Doctor taking PCR test sample from potentially infected Black girl (copy)

The percentage of tests for COVID-19 in Delaware that have been positive have jumped up 1 percent in the last week.

The Delaware Division of Public Health is reporting a total of 111,275 positive cases of the coronavirus, bringing the seven-day average of new positive cases to 89.9.

The seven-day average for the percent of positive tests was 3.5 percent by the end of last week,  an increase from the 2.5 percent reported on July 20, according to a news release issued by the Delaware Division of Public Health.

Also at the end of last week, 1,830 Delaware residents had  died from the virus, including 545  from Sussex County, 903 from New Castle County and 382 from Kent County.

Thirty-two Delaware residents were hospitalized with the virus, four less than last week. Three were critically ill, a decrease of one from last week.

Those who have died ranged from younger than 5 to 104 years old. There were 927 women and 903 men.

So far, 72.3 percent of Delaware residents 18 and older have received at least one dose of the vaccine to protect against the virus and as of July 30, 1,055,977 doses had been administered, according to data from the Centers for Disease Control and Prevention, which has consistently stated vaccines are the best protection against COVID-19 and variants. See de.gov/covidvaccine.

The Division of Public Health, partnering with the Delaware National Guard, have launched mobile units to offer vaccinations in underserved communities. Medically trained staff will give the Pfizer vaccine to those 12 and older and the Johnson & Johnson vaccine to those  18 and older. Mobile units are scheduled to visit Sussex, New Castle and Kent counties next week. See de.gov/getmyvaccine.

As of Friday, July 30, the Division of Public Health has identified several variants in Delaware, through test specimens. They include the United Kingdom variant, South Africa, Brazil, India, New York, California and UK/Nigeria, which was formerly a New York strain.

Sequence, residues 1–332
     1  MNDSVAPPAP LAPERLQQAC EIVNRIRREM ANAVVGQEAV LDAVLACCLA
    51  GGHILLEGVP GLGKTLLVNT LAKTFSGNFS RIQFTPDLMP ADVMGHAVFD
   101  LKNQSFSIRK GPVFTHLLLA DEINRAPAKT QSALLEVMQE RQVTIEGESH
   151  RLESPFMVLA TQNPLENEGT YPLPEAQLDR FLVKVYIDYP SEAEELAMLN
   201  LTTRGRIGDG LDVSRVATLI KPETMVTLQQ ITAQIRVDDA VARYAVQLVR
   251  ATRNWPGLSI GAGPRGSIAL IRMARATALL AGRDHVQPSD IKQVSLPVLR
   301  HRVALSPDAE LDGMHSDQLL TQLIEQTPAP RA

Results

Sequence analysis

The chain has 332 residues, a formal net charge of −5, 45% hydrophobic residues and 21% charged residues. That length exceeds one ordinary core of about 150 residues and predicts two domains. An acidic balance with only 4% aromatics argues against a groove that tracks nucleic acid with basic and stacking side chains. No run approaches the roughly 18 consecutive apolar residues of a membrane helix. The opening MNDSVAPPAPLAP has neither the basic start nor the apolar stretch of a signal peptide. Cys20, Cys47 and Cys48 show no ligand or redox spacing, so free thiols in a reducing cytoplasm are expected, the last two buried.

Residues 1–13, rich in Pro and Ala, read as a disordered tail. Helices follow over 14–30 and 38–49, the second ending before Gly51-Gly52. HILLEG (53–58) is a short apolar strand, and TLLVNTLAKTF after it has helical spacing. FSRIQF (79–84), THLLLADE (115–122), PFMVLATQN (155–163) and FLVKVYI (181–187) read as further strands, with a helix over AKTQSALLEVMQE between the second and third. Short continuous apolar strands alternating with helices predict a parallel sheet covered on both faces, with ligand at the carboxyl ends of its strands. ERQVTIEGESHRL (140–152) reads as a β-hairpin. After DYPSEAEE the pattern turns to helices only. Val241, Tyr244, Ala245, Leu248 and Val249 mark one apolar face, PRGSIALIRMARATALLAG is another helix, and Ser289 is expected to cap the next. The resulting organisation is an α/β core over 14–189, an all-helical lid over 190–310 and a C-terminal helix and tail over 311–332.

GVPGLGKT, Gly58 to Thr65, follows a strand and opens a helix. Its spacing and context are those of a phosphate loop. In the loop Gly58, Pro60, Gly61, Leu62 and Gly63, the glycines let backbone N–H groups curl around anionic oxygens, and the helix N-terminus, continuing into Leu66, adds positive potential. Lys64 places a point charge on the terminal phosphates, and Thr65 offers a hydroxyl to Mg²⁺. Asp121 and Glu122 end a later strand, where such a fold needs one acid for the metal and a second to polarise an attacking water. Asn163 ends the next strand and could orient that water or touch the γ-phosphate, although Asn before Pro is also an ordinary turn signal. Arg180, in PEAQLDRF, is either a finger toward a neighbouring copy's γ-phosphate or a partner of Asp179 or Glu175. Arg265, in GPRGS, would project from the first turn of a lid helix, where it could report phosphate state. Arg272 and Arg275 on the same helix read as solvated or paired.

Virus mutation is common but because these variants may spread more easily, those not vaccinated who are more susceptible to getting the virus and should wear a face mask, wash their hand frequently and be careful when attending large gatherings.

Vaccination reduces the chance of developing the virus or becoming seriously ill from it. So far, 469,873 Delaware residents have been fully vaccinated and of those, there have been 567 breakthrough cases of COVID-19.

As of July 29, there have been 2,785 positive cases of the coronavirus involving long-term care residents, with 825 residents dying,  an increase of 65, between mid-May 2020 and late June 2021, according to the news release.

Even those who are fully vaccinated should get tested if they develop symptoms including fever, cough, shortness of breath, sore throat, muscle aches, fatigue, chills, shaking with chills, loss of smell or taste, nausea or vomiting, diarrhea, headache, congestion or runny nose without a known cause such as allergies. Other symptoms can include abdominal pain or lack of appetite. For information about testing, see  de.gov/gettested.

Staff Reporter

Veteran news reporter Susan Canfora has written for many newspapers and held positions ranging from managing editor to her favorite, news reporter. She joined the Coastal Point in June 2019. She teaches college writing, tutors and professionally edits.